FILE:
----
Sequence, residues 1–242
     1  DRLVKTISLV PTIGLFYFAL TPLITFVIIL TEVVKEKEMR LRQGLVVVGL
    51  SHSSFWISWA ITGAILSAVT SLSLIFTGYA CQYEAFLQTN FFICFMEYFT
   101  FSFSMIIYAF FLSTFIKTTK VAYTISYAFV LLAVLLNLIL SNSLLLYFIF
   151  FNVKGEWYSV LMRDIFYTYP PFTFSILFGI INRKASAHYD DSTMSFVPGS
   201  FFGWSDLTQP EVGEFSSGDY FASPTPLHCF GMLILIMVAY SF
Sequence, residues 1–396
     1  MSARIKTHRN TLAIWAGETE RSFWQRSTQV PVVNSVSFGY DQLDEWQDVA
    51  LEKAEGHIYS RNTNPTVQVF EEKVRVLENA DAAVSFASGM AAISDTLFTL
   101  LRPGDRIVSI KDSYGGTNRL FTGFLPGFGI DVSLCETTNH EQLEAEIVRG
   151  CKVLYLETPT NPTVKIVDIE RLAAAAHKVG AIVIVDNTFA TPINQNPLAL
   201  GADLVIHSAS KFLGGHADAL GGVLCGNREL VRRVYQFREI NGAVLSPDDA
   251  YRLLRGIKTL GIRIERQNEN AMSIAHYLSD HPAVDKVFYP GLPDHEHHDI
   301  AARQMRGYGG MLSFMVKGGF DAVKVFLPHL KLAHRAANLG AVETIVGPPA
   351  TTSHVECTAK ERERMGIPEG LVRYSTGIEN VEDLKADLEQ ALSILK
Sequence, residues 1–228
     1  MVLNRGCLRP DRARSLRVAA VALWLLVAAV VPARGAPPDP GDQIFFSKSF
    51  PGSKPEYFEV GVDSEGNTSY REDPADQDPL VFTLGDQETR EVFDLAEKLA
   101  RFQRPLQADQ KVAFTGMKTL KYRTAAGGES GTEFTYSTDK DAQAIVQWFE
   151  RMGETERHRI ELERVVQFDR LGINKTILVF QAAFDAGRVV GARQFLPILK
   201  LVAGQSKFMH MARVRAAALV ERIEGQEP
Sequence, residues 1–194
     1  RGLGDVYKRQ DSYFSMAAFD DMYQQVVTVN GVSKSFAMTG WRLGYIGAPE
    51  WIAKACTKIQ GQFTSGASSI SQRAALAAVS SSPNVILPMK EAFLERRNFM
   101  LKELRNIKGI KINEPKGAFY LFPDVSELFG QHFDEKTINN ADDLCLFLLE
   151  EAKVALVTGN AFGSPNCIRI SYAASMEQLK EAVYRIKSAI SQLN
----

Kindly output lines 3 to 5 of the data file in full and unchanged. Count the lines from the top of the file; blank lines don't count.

    51  SHSSFWISWA ITGAILSAVT SLSLIFTGYA CQYEAFLQTN FFICFMEYFT
   101  FSFSMIIYAF FLSTFIKTTK VAYTISYAFV LLAVLLNLIL SNSLLLYFIF
   151  FNVKGEWYSV LMRDIFYTYP PFTFSILFGI INRKASAHYD DSTMSFVPGS